Wednesday, August 31, 2016

Silly Traditions: Permission To Wed

by John Boodhansingh of Zero Mindfulness

The Tradition

For those within whatever world cultures this applies (maybe it's only here in the US), you are probably well aware of the “permission to wed” tradition. Even if you’ve never done it yourself, you’ve probably heard of it on many occasions.

Basically, before a man proposes to a woman (because it has to be the man proposing with that diamond ring to show her that a man buying a woman material riches is what love is all about), the man is supposed to go to the woman’s father and ask if he has permission to marry his daughter.

Conditional Love Or Self-Integrity

“Yes, dear. I love you. So much. And I want to be with you until death do us part… Or until I go to your father, as tradition suggests, to request permission for your hand in marriage and in the off-chance he says “no,” well, so long! It’s been real!

Now that’s love, baby!

Suppose you were in this situation. Suppose the father said “no.” Then what? Are you really going to just walk away from the relationship, allowing some dude’s selfish opinion to determine one of the most important decisions of your life? Or, because you’ve now asked, been denied, and can’t get in a time machine to reverse course, are you going to say to hell with the woman’s father because you demand the self-integrity to make your own decisions, to which he’s going to detest that you have defied his wishes?

Non-Integral Approval

And, you know… Hold on. I need to backtrack. Because if you haven’t done much if any self-healing work, then you probably don’t know…

One of the biggest Oh. Damn. Really? realizations a person will have early on when doing self-healing work is that people rarely say “yes” when they mean “yes” and “no” when they mean “no.” And they’ve been lying like this for so long that rarely do they even recognize when they do it (or else they somehow faultily see that the “rewards” of non-integrity are greater than in being true). They’ve become devoid of self-integrity and instead react to most of life’s situations based on subconscious ideas such as: Would mom or dad approve of this? What will my neighbors, friends, or fellow church-goers think? What does authority say I should do?

Most people live whole lives like this. Which gets me wondering then: How many fathers who’re asked by a potential son-in-law to marry their daughter say “yes” when deep down they mean “no”?

I don’t feel like it’s some grossly huge number, but I do suspect that the number of fathers who do say “yes” when wanting to say “no” would come as another Oh. Damn. Really? kind of surprise.

Plus, the soundness of a father’s decision-making may not be as sound as average perception would have it appear. It might be thought: By all means, it’s his own daughter he’s giving away. Of course he’s going to say “no” if he doesn’t approve.

I disagree.

When you realize, if you realize, the depth to which the average person is making nearly every decision not by free will as it appears but as driven by subconscious (i.e.: unknown) fears, errant beliefs, and trauma-based directives, you will also realize how it is that a grown man can “give his daughter away” (as if he owned her to begin with… right…) to a man he disapproves of.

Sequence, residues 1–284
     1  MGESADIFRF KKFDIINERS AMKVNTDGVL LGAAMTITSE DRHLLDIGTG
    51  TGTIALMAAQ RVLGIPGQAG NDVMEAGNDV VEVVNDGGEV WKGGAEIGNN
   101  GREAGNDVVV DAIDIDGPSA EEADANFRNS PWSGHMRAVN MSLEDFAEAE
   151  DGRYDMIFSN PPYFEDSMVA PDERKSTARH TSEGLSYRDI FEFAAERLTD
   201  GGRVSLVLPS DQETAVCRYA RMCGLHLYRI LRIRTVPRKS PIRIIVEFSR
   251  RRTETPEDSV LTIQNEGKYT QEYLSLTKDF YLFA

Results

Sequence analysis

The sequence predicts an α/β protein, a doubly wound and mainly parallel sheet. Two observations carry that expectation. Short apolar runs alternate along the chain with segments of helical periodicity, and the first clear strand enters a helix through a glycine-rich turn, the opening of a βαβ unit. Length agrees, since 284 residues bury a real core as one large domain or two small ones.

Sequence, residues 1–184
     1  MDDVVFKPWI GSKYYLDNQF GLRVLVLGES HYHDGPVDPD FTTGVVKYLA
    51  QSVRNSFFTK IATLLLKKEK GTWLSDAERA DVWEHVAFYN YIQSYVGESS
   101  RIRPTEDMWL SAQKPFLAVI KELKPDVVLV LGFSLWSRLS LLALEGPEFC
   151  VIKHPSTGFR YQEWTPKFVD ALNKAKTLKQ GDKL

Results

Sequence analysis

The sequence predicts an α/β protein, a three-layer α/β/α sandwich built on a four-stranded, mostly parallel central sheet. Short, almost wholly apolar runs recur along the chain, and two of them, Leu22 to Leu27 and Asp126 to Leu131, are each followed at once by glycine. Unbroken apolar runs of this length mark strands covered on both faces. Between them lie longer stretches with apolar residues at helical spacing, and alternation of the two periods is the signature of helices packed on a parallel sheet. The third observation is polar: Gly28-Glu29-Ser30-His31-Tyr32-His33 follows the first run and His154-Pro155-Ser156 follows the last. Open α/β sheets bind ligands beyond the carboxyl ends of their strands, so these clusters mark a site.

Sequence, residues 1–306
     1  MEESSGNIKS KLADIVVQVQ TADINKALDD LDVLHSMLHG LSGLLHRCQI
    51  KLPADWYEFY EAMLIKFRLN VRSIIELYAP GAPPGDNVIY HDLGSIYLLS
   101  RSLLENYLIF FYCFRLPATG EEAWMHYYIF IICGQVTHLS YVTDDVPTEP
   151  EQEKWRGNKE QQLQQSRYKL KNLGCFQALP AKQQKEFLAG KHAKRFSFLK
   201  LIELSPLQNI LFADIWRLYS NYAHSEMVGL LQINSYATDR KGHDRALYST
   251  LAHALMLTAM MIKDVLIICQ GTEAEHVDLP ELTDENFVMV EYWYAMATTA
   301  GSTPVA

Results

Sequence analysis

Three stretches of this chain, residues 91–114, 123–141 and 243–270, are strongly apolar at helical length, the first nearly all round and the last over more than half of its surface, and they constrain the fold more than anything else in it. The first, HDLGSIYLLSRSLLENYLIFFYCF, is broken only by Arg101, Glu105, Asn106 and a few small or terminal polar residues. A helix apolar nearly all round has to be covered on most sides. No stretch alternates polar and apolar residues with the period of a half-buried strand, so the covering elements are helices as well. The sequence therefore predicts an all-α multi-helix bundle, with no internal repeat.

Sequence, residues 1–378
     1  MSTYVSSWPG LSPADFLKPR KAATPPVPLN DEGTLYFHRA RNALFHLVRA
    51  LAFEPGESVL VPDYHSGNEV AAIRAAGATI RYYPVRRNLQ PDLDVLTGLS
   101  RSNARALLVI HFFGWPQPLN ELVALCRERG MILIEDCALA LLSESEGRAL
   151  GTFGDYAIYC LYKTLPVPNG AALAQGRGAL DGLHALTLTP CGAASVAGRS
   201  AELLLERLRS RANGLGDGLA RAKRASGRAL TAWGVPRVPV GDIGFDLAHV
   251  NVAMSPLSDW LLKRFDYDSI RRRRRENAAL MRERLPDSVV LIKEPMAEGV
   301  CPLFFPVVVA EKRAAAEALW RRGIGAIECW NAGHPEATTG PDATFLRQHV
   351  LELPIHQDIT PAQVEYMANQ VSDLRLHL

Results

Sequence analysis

To which the soon-to-be-wed man walks away feeling glorious that he got approval (never noticing in his average Joe’s blindness that he’d been lied to), while the father spends his days in regret of not standing up for his true feelings, hoping the relationship ends sooner rather than later, and faking approval in every future instance involving the man.

“It’s About Respect”

Then there's this whole "respect" thing...

Firstly, if the man intends to marry a woman regardless of what her father thinks, what relevance does respect-in-request even play? Because the respect surely isn't going to be for the father. If anything, it would then be to respect a tradition... Which is quite dumb considering that the man would not only be respecting a rather arbitrary-seeming-important, man-made "rule," but he'd be doing it merely for the father's egotistical pleasure.


What's peculiar to me, too, is when some suggest that the father should still be asked permission, out of respect, of course, even if the proposal is made prior to that request.

Hey, Mr. Twangerson. I hope you don't mind that I've already taken the liberty of proposing to your daughter. Do I have your permission for that?

This doesn’t sound much different from me going into my neighbor’s garage to borrow his lawn mower and then storing it in my own garage until it's needed again… though with the provision that after borrowing and storing the mower in my own garage I’d then ask if it were okay to use.

Because that’s respect, right?

Closing Thoughts

Just one individual’s opinion here, but if it has any value to you, “permission to wed” seems to me an absurd tradition. It might appear that in the past it had some reasonable value based on certain cultural norms of the times in which it arose, but really, as noted above, the ideas on which this tradition is based seem more senseless than anything.

As the common man seeks ever more sense, integrity, freedom, and (do I really have to say this...?) love-based love, requesting permission to wed is just one more concept that’s been held on to well past its expiration date.

And I don't know about you, but I know when I see mold on something, it means it's high time to throw it out.

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